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XIX.

Far from the world, O Lord! I flee,

From strife and tumult far;
From scenes where Satan wages still

His most successful war.

The calm retreat, the silent shade,

With prayer and praise agree:
And seem, by thy sweet bounty, made

For those who follow thee.
There if thy spirit touch the soul,
And

grace her mean abode, Oh! with what peace, and joy, and love,

She communes with her God!
There like the nightingale, she pours

Her solitary lays;
Nor asks a witness of her

song, Nor thirsts for human praise Author and Guardian of my life,

Sweet source of light divine;
And (all harmonious names in one,)

My Saviour, thou art mine!
What thanks I owe thee, and what love,

A boundless, endless store,
Shall echo through the realms above,

When time shall be no more.

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XX.

God moves in a mysterious way,

His wonders to perform ;
He plants his footsteps in the sea,

And rides upon the storm.
Deep in unfathomable mines

Of never-failing skill, He treasures up his bright designs,

And works his sov'reign will. Ye fearful saints, fresh courage take,

The clouds ye so much dread Are big with mercy, and shall break

In blessing on your head. Judge not the Lord by feeble sense,

But trust him for his grace; Behind a frowning providence

He hides a smiling face.
His purposes will ripen fast,

Unfolding ev'ry hour,
The bud may have a bitter taste,

But sweet will be the flower.

Blind unbelief is sure to err,

And scan his work in vain; God is his own interpreter,

And he will make it plain.

XXI.

God of my life, to thee I call,
Afflicted at thy feet I fall;
When the great water-floods prevail,
Leave not my trembling heart to fail !
Friend of the friendless and the faint !
Where should I lodge my deep complaint ?
Where but with thee, whose open door
Invites the helpless and the poor?
Did ever mourner plead with thee,
And thou refuse that mourner's plea ?
Does not that word still fix'd remain,
That none shall seek thy face in vain ?
That were a grief I could not bear,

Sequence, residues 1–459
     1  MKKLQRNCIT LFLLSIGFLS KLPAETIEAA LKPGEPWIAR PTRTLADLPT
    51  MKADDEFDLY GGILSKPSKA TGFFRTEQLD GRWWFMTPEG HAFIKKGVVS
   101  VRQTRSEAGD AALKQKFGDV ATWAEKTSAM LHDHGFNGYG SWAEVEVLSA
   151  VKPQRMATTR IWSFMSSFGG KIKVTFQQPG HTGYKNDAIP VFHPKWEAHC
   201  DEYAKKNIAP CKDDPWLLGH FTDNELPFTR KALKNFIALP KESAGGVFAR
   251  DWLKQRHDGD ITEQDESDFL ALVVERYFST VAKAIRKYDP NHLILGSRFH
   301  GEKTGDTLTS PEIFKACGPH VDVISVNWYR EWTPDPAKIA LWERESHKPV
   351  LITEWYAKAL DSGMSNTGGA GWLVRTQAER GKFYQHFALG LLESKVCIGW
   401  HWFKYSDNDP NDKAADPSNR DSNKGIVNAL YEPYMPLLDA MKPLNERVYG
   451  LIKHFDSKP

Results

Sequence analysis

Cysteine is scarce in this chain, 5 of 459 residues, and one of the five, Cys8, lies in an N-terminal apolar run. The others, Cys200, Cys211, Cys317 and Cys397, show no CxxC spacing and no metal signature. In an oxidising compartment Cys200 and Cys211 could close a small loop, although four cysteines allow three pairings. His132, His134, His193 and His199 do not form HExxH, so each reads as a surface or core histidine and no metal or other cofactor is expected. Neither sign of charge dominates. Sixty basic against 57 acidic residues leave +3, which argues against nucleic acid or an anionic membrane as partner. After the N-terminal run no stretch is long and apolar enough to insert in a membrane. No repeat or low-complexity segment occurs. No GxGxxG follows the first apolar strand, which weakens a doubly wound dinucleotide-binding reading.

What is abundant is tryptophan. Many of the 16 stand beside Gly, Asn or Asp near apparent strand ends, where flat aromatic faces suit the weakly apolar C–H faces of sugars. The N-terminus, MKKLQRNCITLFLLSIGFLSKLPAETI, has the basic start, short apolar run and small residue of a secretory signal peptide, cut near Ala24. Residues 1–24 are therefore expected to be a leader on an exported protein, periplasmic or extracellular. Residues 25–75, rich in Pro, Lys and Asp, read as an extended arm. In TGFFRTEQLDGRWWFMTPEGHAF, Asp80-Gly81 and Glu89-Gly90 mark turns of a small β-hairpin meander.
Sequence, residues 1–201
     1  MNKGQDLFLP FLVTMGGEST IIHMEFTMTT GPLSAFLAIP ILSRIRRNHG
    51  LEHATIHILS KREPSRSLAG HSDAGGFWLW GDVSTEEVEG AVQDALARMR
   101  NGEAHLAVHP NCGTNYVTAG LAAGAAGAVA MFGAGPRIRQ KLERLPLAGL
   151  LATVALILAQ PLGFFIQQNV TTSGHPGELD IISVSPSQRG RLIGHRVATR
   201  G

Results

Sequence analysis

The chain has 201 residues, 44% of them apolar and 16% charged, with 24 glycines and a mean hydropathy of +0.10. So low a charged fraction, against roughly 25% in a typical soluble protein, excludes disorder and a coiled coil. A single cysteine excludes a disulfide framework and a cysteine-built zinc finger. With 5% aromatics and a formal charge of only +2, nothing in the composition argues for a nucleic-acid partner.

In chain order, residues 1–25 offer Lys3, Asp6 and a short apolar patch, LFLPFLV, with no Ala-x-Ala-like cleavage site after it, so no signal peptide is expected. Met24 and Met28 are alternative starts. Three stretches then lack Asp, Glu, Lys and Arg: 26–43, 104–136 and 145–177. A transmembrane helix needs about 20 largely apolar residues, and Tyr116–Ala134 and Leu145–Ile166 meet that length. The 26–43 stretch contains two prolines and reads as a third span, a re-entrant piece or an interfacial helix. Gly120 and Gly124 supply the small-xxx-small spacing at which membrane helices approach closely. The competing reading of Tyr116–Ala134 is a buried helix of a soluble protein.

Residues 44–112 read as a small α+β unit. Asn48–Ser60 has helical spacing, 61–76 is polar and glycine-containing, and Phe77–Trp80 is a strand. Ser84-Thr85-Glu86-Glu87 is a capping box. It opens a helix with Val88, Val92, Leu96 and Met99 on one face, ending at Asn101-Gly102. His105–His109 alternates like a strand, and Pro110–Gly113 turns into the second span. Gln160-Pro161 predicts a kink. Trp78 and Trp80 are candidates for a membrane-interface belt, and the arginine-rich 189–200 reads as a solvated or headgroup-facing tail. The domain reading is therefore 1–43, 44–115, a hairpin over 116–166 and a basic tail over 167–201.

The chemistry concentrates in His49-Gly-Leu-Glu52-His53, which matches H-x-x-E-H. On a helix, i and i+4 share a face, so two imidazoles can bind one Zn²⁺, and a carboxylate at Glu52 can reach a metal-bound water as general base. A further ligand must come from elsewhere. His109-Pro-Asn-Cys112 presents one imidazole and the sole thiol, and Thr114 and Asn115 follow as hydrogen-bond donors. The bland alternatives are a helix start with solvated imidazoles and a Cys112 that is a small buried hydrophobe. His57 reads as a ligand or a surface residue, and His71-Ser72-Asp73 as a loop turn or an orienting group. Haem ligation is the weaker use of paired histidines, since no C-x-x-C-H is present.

Didst thou not hear and answer prayer ;
But a prayer hearing, answering God,
Supports me under every load.
Fair is the lot that's cast for me,
I have an advocate with thee;
They, whom the world caresses most,
Have no such privilege to boast.
Poor though I am, despis’d, forgot,
Yet God, my God, forgets me not ;
And he is safe, and must succeed,
For whom the Lord vouchsafes to plead.

XXII.

He is the freeman whom the truth makes free,
And all are slaves beside; there's not a chain,
That hellish foes, confed’rate for his harm,
Can wind around him, but he casts it off
With as much ease as Samson his green withes.
He looks abroad into the varied field
Of nature, and though poor, perhaps, compar'd
With those whose mansions glitter in his sight,
Calls the delightful scenery all his own.
His are the mountains, and the vallies his,
And the resplendent rivers. His t'enjoy
With a propriety that none can tell,
But who, with filial gratitude inspir'd,
Can lift to heav'n an unpresumptuous eye,
And smiling say—“My Father made them all!”
Are they not his by a peculiar right,
And by an emphasis of interest his,
Whose eye they fill with tears of holy joy,
Whose heart with praise, and whose exalted mind,
With worthy thoughts of that unwearied love,
That plann'd, and built, and still upholds, a world?

XXIII.

Hope, with uplifted foot, set free from earth,
Pants for the place of its ethereal birth,
On steady wing, flies through th' immense abyss,
Pluck amaranthine joys from bowers of bliss,
And crowns the soul, while yet a sufferer here,
With wreaths like those angelic spirits wear.

XXIV.

What various hindrances we meet
In coming to a mercy-seat !
Yet who that knows the worth of prayer,
But wishes to be often there.
Prayer makes the darken'd cloud withdraw,
Prayer climbs the ladder Jacob saw,
Gives exercise to faith and love,
Brings every blessing from above.
Restraining prayer, we cease to fight;
Prayer makes the Christian's armour bright;
And Satan trembles when he sees
The weakest saint upon his knees.
While Moses stood with arms spread wide,
Success was found on Israel's side;
But when, through weariness they fail'd,
That moment Amalek prevail’d.
Have you no words ? ah! think again,
Words flow apace when you complain,
And fill your fellow-creature's ear
With the sad tale of all your care.
Were half the breath thus vainly spent,
To heaven in supplication sent,
Your cheerful song would oftener be,
“ Hear what the Lord has done for me."

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